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COYOTE, or Call Off Your Old Tired Ethics, is an American sex worker activist organization. COYOTE's goals include the decriminalization (as opposed to the legalization) of prostitution, pimping and pandering, as well as the elimination of social stigma concerning sex work as an occupation.

Though it is frequently described as a prostitutes' rights group, COYOTE's mission includes advocating for all varieties of sex workers of all genders, including strippers, phone sex operators and adult film performers. COYOTE provides counseling and legal referrals for sex workers, and assistance in leaving sex work for different careers.



COYOTE provides expert advice and sensitivity training for social service and law enforcement agencies that deal with sex workers. COYOTE members have testified as expert witnesses during trials. The organization works to educate the general public about sex work, and promotes education about safe sex, AIDS and sexually transmitted disease among sex workers, their clients and the general public.


COYOTE was founded in California in 1973 by Margo St. James, a feminist and alleged former prostitute. She chose the name COYOTE because novelist Tom Robbins called her a "coyote[citation needed] trickster" and came up with "Call Off Your Old Tired Ethics" to fit the chosen acronym. St. James believed that sex work should be considered labor equivalent to any other career, writing in 1977 that "to make a great distinction between being paid for an hour's sexual services, or an hour's typing, or an hour's acting on a stage is to make a distinction that is not there." (Chapkis)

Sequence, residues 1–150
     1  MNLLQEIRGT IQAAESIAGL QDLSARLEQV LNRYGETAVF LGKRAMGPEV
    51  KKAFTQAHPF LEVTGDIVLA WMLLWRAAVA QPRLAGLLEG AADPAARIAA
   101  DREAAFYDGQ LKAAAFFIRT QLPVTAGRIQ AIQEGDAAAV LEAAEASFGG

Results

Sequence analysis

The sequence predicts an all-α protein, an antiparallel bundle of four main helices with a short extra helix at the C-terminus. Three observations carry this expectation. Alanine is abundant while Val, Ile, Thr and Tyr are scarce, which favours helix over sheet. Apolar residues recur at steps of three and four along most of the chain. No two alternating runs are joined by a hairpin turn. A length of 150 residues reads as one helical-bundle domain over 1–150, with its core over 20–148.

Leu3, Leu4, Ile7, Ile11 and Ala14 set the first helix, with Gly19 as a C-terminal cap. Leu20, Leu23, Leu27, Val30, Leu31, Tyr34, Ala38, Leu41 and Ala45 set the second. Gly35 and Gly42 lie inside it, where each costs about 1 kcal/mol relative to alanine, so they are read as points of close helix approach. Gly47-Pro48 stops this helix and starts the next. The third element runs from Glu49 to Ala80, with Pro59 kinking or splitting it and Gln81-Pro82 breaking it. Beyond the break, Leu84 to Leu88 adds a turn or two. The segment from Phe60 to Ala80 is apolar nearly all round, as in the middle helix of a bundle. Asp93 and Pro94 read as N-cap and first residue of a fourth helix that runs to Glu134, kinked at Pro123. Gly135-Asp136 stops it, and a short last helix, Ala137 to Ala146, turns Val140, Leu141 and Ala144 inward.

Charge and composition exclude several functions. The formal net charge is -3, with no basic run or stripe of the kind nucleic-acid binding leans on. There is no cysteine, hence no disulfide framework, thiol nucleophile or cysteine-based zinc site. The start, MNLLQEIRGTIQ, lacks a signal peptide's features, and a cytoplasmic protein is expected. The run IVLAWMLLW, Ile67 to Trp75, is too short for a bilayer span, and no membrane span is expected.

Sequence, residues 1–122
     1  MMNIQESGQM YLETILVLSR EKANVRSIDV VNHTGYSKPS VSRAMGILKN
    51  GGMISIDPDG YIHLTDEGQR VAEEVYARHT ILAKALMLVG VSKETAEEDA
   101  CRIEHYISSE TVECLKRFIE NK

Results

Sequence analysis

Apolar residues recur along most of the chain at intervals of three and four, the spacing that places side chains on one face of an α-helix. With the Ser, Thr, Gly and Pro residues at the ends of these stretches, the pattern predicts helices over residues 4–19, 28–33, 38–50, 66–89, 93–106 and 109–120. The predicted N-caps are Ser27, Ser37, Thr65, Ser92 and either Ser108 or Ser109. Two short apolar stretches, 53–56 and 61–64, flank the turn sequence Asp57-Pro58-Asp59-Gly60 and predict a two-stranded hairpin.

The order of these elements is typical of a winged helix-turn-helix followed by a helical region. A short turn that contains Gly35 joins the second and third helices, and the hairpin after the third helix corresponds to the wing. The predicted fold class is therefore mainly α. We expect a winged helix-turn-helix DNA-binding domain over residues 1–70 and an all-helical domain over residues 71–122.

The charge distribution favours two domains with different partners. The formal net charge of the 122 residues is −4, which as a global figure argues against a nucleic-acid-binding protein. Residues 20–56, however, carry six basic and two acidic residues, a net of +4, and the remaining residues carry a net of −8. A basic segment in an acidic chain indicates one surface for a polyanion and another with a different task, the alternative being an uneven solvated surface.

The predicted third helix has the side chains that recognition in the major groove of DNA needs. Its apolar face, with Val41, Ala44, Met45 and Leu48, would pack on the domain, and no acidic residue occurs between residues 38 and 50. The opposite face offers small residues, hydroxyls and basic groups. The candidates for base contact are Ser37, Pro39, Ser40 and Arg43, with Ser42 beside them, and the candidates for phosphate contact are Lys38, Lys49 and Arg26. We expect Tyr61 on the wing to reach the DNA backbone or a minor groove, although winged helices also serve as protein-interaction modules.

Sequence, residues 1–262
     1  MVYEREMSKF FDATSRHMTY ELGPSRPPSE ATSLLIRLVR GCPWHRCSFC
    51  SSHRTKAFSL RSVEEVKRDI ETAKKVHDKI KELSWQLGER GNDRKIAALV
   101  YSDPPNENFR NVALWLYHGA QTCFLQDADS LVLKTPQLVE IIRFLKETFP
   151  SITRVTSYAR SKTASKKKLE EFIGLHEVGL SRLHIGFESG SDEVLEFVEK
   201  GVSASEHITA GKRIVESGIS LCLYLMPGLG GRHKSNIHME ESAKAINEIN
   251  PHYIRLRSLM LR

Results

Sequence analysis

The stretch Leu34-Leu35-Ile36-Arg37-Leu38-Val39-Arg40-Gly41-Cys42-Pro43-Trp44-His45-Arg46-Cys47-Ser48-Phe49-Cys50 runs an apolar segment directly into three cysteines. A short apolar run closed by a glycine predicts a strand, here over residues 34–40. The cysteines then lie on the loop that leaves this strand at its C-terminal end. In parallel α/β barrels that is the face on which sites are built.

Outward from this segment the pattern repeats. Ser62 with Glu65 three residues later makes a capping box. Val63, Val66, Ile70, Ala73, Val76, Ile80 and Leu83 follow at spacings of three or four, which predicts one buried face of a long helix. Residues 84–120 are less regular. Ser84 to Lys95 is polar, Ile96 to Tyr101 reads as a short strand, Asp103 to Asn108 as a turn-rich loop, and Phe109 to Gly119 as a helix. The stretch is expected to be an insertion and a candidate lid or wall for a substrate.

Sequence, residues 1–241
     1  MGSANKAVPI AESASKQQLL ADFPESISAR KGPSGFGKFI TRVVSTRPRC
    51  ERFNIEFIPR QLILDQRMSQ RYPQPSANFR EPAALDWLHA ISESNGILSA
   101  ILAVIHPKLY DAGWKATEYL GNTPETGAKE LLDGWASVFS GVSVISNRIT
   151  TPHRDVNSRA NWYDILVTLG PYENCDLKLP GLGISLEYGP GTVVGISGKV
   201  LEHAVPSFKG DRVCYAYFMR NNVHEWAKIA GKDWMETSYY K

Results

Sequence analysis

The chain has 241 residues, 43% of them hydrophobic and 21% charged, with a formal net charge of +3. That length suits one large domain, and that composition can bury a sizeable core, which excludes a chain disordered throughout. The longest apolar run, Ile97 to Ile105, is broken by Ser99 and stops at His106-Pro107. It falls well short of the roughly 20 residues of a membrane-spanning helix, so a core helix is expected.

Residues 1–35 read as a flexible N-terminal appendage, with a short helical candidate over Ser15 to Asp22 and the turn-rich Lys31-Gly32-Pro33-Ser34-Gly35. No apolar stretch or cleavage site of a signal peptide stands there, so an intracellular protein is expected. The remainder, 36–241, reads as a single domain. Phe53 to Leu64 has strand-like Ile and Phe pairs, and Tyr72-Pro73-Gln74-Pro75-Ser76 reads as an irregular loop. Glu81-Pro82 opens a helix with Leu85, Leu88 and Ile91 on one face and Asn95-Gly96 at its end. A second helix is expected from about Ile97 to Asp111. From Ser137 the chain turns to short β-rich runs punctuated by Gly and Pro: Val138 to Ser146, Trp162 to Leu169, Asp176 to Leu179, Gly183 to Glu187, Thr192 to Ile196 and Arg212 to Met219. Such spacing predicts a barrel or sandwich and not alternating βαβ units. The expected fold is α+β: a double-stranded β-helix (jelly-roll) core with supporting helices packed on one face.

In 1976, COYOTE, led by St. James filed a lawsuit against Rhode Island. In the case, COYOTE v. Roberts, the argument was based on how much power the state should have to control the sexual activity of its citizens. The lawsuit also alleged discrimination on how the law was being applied. Data was submitted that demonstrated selective prosecution, the Providence Police was arresting female sex workers far more often than the male customers. St. James testified in the case. Although the case eventually was dismissed when RI General Assembly changed the prostitution statute in 1980, COYOTE and St. James are given credit as one of the reasons prostitution in Rhode Island was decriminalized,[1] prostitution was outlawed again in 2009 (see Prostitution in Rhode Island). "Samantha" and Gloria Lockett were co-directors of COYOTE in the early 1990s. They had been critical of the group for focusing on "higher class" prostitutes (such as call girls and escorts) and white sex workers, while ignoring the concerns of streetwalkers and ethnic minorities. (Chapkis)

Norma Jean Almodovar is currently the director of COYOTE Los Angeles. There is also a COYOTE branch in San Francisco.

See also


Further reading

  • Chapkis, Wendy. Live Sex Acts: Women Performing Erotic Labor (1997, Routledge, New York). ISBN 0-415-91288-1
  • Jenness, Valerie. Making it Work: The Prostitutes' Rights Movement in Perspective (1993, Walter de Gruyter, Inc., New York)
  • Pheterson, Gail. A Vindication of the Rights of Whores (1989, Seal Press, Washington.) ISBN 0931188733

External links


Up to date as of January 15, 2010